French Champagne Producer Says Russia Cannot Be Allowed To Water Down Champagne Brand; France Sees Talks With Russia As Best Way To Resolve Champagne Row, Says Minister
French champagne producer Michel Drappier loves Russian customers: he sells them thousands of bottles every year, the national airline serves his brand in business class, and it was on the menu when Vladimir Putin visited France.
But Drappier worries a new Russian law on labelling imported champagne will undermine the principle he holds sacrosanct - that only champagne produced in France's Champagne region is worthy of the name.
"The word 'champagne' is magical," Drappier, 62, said at the vineyard that has been in his family for seven generations. "We have to fight so that our name is recognised, and not diluted," he said, standing above dusty wine cellars that date back to the 12th century.
By contrast, domestic producers of what is known in Russia as "shampanskoye" will not have to attach any such label. Shares in a leading Russian producer went up after the law came into force.
In more than 120 countries, the name "champagne" has protected status, reserving its use for sparkling wine from France's Champagne region.
"It's the world turned upside down," said Drappier, who took over the business from his 95-year-old father, and works alongside his three children.
"The Russians are putting 'Champagne' on their labels and we're not allowed to."
Producers "In Shock"
The French government has promised to react and warned it could seek redress through the World Trade Organisation.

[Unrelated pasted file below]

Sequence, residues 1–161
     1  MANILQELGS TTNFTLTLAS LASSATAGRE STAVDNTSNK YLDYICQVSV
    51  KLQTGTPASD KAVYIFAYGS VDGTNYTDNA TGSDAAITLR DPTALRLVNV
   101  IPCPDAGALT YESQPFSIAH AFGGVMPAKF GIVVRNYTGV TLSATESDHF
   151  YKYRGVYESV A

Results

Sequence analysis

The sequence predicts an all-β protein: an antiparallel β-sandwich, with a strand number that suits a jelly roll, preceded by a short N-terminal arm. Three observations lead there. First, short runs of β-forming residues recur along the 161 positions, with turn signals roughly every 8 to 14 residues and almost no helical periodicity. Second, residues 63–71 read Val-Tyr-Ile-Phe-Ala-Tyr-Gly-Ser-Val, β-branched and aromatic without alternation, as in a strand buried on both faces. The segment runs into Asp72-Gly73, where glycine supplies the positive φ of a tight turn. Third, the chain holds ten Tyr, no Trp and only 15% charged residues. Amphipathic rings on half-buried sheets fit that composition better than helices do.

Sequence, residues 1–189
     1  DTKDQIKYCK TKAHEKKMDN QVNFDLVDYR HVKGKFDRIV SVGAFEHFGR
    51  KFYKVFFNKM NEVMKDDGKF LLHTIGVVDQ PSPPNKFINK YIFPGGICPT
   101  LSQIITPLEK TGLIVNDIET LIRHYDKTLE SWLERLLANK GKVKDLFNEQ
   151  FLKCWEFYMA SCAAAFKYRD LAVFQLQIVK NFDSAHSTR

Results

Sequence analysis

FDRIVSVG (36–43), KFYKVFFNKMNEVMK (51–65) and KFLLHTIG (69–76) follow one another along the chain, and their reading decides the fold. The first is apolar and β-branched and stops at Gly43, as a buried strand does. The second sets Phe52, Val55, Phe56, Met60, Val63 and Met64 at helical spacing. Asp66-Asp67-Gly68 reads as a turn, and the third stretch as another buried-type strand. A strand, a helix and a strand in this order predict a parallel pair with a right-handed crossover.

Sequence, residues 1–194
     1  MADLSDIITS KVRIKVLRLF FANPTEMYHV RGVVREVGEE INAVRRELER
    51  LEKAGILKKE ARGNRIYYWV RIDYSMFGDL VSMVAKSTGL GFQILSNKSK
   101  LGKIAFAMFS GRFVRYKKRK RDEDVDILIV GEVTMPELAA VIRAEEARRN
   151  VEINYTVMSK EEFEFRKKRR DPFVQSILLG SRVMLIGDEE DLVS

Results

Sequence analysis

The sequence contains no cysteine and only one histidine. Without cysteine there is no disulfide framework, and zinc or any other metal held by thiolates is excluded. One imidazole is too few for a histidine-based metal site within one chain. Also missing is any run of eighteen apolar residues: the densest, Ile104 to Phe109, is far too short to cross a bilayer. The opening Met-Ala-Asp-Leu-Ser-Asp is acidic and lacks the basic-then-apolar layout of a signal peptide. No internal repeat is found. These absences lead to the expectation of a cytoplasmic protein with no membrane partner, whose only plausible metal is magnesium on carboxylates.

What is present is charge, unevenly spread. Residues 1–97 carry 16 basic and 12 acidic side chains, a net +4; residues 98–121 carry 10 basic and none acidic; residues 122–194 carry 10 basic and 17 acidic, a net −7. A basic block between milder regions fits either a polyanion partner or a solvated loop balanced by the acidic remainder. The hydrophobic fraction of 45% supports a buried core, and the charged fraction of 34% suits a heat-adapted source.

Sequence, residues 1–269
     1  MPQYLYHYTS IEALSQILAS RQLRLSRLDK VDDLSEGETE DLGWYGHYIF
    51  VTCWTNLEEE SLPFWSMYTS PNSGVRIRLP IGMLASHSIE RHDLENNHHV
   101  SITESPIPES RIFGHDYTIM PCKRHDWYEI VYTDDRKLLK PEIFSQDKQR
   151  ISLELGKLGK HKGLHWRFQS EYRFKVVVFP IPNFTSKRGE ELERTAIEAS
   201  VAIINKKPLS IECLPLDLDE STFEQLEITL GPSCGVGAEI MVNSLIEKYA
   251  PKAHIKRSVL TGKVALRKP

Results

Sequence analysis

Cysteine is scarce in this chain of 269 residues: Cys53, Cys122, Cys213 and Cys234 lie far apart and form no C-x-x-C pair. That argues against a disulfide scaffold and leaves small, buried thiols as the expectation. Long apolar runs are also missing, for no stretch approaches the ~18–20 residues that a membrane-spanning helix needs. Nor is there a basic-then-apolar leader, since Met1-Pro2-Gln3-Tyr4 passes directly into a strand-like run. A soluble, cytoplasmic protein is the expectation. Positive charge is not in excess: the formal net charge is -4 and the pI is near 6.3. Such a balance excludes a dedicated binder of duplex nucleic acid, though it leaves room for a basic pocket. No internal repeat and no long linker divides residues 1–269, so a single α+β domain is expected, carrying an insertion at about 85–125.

"The champagne community is in shock," Charles Goemaere, head of the producer's lobby, told Reuters. He said Russia accounts for sales of about 2 million bottles per year for his members.
Drappier's vineyard, about 230 km (143 miles) south-east of Paris, has been in his family since 1808. The Elysee Palace, official residence of the French president, is one of Drappier's customers.
On the wall of the family home hangs a menu from the 2003 Group of Eight summit in Evian, southern France, when Drappier's champagne was served to Putin, along with other world leaders.
Today, the vineyard sends between 50,000 and 70,00 bottles a year to Russia, which can account for up to 5% of its total sales.
Drappier is now dealing with the logistical headache of getting the labels changed on the next consignments heading for Russia to add the term "sparkling wine."
But he is more worried that the Russian move could be the thin end of a wedge.
"It could give ideas to countries," he said. "There will be Argentinian or Korean champagne, and in the long run that will be dangerous for us."
"It's the consumer who will be fooled. Is he drinking champagne, or Asian sparkling wine?."
"The whole world has recognised champagne as a global treasure. Those who want to attack it are kind of swindlers, or hooligans, who want to profit from the name," he said.
France Sees Talks With Russia As Best Way To Resolve Champagne Row, Says Minister
France sees continuing negotiations with Russia as the best way to resolve a dispute over champagne, French Trade Minister Franck Riester has said.
"We are still analysing the exact scope of this text, which is long, in Russian, with legal and linguistic subtleties," Riester said. "It's probably not just a problem for champagne but for other appellations such as cognac."
The name "Champagne" has protected status in more than 120 countries, which reserve its use for sparkling wine from France's Champagne region.
The French government has warned it could seek redress through the World Trade Organization.